x-men_firstclass_resizedWith four comic-book movies coming out this summer, X-Men: First Class seemed to draw the least amount of excitement. “Another X-Men movie?” seemed to be the common thought. However, X-Men: First Class surprisingly turns out to be the best movie about Xavier’s mutants so far, and it may turn out to be the best comic movie of the summer.

Set mostly in the '60s, the film details the story of the beginning of the X-Men, and, more importantly, the beginning of the relationship between Charles Xavier and Magneto. It’s this relationship and the two actors, James McAvoy and Michael Fassbender, that bring it to life and really set this movie above your normal comic action-fest.

The plot follows Xavier and Magneto as they grow up in very different childhoods, one with a privileged upbringing and one in a Nazi concentration camp (guess which one ends up turning into a bad guy). As they grow older, they cross each other’s paths in search of the movie’s villain, a mutant who is arranging the Cuban Missile Crisis in hopes of starting World War III. They form a team to deal with the threat, and the first class of X-Men is born.

McAvoy (Wanted, Atonement) is a joy to watch as a young Xavier, bringing youthful energy and fun to a character we normally associate with being old and serious, while still remaining true to his identity. Think Ewan McGregor doing a young Obi-Wan Kenobi. Fassbender (300) has the best role in the film as a young Erik Lehnsherr (Magneto), the revenge-seeking loner hunting down the man responsible for killing his mother. Fassbender makes his character scary and relatable at the same time, and really hits the right morally ambiguous tones.

The two characters have always enjoyed a unique connection as archenemies and friends, and this film really nails that aspect of the relationship and explains how it first developed. You see two men who genuinely like each other while sharing diametrically opposing views. It’s tragic to see the friendship grow throughout the film, because you know how it will end.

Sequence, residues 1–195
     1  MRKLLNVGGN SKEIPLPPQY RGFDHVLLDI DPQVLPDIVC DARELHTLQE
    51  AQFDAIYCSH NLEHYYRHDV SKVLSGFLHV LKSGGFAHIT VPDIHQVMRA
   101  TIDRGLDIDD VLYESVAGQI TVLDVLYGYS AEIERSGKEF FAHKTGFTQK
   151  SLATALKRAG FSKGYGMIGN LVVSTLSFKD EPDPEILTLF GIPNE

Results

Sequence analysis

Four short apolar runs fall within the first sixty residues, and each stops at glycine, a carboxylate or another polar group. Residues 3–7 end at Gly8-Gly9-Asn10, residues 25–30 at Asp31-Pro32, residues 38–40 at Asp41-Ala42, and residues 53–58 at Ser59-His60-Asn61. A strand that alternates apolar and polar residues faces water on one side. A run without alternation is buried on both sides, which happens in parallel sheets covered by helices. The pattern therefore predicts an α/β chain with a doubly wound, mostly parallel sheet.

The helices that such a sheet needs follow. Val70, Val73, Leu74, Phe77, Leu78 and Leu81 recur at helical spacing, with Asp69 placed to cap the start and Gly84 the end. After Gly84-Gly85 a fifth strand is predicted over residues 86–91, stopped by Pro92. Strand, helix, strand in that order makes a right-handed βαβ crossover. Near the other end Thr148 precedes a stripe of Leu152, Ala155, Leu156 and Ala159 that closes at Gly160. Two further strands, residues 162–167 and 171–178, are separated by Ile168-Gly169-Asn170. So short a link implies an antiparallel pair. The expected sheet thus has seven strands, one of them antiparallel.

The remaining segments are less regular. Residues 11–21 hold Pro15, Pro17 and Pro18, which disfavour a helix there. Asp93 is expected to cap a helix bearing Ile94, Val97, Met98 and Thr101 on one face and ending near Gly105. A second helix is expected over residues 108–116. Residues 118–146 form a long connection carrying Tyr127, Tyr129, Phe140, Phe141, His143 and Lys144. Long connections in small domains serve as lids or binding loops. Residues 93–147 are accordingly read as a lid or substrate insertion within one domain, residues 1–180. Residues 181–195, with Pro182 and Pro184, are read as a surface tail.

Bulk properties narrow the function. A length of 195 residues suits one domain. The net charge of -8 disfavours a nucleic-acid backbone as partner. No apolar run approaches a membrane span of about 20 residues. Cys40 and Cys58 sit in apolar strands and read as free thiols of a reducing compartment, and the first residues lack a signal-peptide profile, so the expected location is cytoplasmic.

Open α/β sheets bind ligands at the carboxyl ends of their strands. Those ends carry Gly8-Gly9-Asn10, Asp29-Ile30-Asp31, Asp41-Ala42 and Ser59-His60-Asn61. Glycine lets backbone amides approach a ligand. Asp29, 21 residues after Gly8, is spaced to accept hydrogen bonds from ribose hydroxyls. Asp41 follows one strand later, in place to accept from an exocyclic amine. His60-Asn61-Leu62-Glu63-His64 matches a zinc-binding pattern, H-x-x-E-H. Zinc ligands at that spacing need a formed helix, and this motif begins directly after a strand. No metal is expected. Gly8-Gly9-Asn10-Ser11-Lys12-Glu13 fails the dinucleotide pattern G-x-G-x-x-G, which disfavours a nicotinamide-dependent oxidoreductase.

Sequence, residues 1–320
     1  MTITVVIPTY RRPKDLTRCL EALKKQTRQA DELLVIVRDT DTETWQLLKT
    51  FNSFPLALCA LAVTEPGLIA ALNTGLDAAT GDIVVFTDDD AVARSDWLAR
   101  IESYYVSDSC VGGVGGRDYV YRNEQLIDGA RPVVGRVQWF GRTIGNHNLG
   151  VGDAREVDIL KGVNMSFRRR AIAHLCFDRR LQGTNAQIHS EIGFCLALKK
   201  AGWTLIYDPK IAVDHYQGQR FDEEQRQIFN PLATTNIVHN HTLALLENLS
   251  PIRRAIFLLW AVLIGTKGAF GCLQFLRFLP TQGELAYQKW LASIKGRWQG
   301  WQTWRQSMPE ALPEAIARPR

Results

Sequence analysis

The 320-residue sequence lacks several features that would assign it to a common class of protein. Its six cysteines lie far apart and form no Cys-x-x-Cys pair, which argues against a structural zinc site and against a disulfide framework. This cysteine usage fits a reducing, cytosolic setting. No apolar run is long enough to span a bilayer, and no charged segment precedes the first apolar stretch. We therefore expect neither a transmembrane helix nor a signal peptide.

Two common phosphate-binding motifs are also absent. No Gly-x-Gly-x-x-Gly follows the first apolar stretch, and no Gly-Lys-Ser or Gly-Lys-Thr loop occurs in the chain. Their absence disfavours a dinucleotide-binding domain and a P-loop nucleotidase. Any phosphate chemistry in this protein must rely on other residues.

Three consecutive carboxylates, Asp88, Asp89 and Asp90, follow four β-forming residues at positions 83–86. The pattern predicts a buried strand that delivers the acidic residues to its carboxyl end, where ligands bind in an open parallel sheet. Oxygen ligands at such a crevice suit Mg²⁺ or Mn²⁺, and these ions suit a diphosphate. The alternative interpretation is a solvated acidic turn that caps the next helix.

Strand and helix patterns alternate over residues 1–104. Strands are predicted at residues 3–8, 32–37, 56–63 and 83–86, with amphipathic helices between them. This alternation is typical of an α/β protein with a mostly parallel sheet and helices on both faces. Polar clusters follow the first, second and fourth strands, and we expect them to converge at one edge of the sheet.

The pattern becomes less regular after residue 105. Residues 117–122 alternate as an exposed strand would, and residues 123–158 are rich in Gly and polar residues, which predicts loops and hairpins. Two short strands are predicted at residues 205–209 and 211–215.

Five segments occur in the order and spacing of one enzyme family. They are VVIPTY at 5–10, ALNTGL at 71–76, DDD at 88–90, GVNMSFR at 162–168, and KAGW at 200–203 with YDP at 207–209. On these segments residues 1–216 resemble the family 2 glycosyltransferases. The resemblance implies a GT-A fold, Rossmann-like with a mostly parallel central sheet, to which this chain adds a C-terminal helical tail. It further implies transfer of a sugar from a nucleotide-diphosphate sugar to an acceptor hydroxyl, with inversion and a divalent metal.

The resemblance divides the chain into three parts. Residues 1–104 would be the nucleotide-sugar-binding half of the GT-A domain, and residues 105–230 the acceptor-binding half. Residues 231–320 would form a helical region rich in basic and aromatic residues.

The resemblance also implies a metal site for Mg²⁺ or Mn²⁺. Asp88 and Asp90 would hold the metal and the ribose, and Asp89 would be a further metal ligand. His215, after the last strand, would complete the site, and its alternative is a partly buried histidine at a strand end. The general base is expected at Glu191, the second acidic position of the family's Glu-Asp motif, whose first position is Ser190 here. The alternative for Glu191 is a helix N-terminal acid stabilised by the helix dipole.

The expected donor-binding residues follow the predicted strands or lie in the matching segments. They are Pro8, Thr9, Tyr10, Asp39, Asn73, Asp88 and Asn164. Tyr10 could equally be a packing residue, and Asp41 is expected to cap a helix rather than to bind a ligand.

Also surprisingly enjoyable to watch is Kevin Bacon (Apollo 13, Footloose) as Sebastian Shaw, the bad guy responsible for Magneto’s dark past and the current crisis. It’s great to see Bacon back in a big role, and he really sells his performance as a mutant terrorist with a businesslike manner. Unfortunately, his primary sidekick, Emma Frost, is played quite poorly by January Jones (Mad Men). This is one actress who is not making the leap to movies well.

Backing up the main characters are their young mutant teammates, who don’t get very much screen time but do a good job with what they have. The biggest standout is Jennifer Lawrence as a young Mystique (the blue-skinned girl who can change her appearance). After her Academy Award-nominated performance in Winter’s Bone, it’s good to see that Lawrence can sell characters in both summer blockbusters and art-house flicks. She’s looking like an up-and-comer.

The rest of the film is what you’d expect—exciting but predictable music, decent directing from Matthew Vaughn and fun special effects. The final action sequence really does feel epic and gives a nice payoff to the movie, but the real fun here is watching the character interactions and their growth throughout the film. If you want to go to the movies over the next few weeks, you can’t go wrong with X-Men: First Class.

 Content Watch: The film is rated PG-13 for sexual innuendos, action and a few curse words. The violence isn’t too serious, and the language is minimal.

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